Sunday, November 7, 2010

Batman: The Resurrection of Ra’s Al Ghul

Title: Batman: The Resurrection of Ra’s Al Ghul
Writers and Pencillers: too many to mention, lol (Peter Milligan, Grant Morrison, Don Kramer, Jason Pearson, etc.)
Published by: DC comics
I basically picked this graphic novel up in the library because it featured Batman.  As mentioned in an earlier post, I haven’t kept up with the comic book scene so I was totally lost with how this book started.  The introduction however did provide a nice review of the main characters and the story leading up to this graphic novel.  Wow, was I surprised to learn that Batman not only was going out with a woman named Talia (the daughter of Ra’s al Ghul) but that he also had a child with her named, Damian.  Regardless of that little bit of new information on the Dark Knight’s personal life, I started reading with optimistic intentions.
At first the story was easy to follow and the art work was cartoonish and colourful.  But then suddenly a new writer and artist took over and the story and drawings became more about action and resembled something close to Japanese Anime.  But as soon as I began to follow that story, the comic again changed the writer and artist and introduced new characters and sub-stories.  I just decided to read on and try to get by.  The story is basically about an immortal being, Ra’s al Ghul whose body is slowly decaying and so he must find a new body to use.  He believes that the only suitable body for him to enter is of his grandson, Damian.  Eventually Batman (Damian’s father) discovers his plans and sends Nightwing to protect his son while he goes after Ra’s al Ghul.  When Batman catches up to Ra’s al Ghul, Robin, Damian, Nightwing and Talia are there to help him.  Batman, then fights against Ra’s al Ghul in what I think are really nicely drawn action scenes that are well executed.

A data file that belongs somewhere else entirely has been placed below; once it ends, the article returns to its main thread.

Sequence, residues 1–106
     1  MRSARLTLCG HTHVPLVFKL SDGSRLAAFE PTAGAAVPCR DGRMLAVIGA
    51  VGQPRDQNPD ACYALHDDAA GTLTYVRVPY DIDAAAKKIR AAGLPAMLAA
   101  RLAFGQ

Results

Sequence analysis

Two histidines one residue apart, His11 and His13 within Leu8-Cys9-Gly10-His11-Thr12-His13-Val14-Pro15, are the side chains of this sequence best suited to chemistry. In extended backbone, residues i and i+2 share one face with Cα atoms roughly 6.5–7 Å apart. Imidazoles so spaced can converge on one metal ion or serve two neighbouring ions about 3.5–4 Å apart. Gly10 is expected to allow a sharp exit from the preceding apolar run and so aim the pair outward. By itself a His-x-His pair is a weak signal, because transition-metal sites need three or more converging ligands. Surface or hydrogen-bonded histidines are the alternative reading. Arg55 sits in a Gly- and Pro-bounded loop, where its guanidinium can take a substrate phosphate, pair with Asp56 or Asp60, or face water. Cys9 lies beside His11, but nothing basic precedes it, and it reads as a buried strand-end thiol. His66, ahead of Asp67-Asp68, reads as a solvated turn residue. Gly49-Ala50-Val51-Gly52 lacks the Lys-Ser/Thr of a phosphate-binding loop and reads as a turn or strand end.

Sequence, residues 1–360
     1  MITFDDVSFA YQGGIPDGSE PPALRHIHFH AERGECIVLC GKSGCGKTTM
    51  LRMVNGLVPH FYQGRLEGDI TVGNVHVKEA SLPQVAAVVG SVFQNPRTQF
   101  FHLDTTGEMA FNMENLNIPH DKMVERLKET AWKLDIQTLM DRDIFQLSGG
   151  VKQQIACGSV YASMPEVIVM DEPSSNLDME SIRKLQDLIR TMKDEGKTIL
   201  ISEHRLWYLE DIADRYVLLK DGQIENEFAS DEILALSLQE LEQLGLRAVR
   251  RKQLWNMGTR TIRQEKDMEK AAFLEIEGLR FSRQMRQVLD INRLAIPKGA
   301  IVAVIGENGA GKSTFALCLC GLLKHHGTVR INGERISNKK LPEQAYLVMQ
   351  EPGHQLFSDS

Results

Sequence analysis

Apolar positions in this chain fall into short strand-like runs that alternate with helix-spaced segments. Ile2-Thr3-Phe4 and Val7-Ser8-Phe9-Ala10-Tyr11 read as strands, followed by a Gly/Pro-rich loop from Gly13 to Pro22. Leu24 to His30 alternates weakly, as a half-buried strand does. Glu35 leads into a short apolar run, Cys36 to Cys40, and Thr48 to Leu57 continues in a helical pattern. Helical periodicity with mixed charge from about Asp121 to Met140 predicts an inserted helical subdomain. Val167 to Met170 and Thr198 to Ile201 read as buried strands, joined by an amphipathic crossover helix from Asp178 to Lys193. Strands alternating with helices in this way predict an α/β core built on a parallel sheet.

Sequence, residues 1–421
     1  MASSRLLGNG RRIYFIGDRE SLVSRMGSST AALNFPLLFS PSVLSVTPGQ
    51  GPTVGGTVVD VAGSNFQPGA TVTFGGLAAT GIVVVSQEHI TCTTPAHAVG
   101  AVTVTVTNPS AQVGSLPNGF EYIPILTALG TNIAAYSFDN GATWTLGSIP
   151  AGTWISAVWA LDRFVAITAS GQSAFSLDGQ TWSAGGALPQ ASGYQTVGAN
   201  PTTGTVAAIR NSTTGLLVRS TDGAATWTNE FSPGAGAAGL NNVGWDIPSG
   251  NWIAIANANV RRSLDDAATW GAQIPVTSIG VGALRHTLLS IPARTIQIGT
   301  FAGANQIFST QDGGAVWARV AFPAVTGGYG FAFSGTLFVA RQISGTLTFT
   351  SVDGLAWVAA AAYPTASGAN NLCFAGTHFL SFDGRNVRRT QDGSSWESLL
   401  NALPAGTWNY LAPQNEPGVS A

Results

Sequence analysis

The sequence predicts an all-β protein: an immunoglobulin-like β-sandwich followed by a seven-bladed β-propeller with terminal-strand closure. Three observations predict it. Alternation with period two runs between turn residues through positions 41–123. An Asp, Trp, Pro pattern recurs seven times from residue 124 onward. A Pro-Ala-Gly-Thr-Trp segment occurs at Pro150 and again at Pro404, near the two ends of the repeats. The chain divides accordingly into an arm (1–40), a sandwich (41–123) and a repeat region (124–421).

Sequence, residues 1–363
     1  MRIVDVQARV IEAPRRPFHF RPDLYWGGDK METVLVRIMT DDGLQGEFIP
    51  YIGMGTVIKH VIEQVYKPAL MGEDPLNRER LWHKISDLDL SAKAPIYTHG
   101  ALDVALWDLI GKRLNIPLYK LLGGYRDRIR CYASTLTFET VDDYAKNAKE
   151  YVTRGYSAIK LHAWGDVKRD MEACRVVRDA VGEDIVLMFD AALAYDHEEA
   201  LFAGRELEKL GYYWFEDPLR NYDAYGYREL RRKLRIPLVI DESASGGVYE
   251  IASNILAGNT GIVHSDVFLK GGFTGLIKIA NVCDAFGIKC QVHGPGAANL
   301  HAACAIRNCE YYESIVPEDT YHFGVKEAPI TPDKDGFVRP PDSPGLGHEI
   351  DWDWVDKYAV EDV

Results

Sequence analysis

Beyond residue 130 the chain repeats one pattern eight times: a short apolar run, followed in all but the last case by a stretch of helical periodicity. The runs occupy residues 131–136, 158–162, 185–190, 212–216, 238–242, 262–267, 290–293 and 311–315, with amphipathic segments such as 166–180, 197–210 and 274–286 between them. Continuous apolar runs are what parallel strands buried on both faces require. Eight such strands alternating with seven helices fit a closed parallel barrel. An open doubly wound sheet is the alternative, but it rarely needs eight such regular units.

However the back and forth between writers to me is what made this graphic novel such a letdown, it simply did not connect each writer to one another resulting in many holes in the story line, and confusion.  The ending of the story I did not like as well because it was rushed choosing to stick with the generic ending of; good guy wins, bad guy promises revenge, all sub-stories (such as Robin wanting to join Ra’s al Ghul) vanish as if they never happened.  I would not recommend this graphic novel to anyone wanting to read a good story, however I’m sure Batman fans will appreciate the amazing drawings featured in the book.
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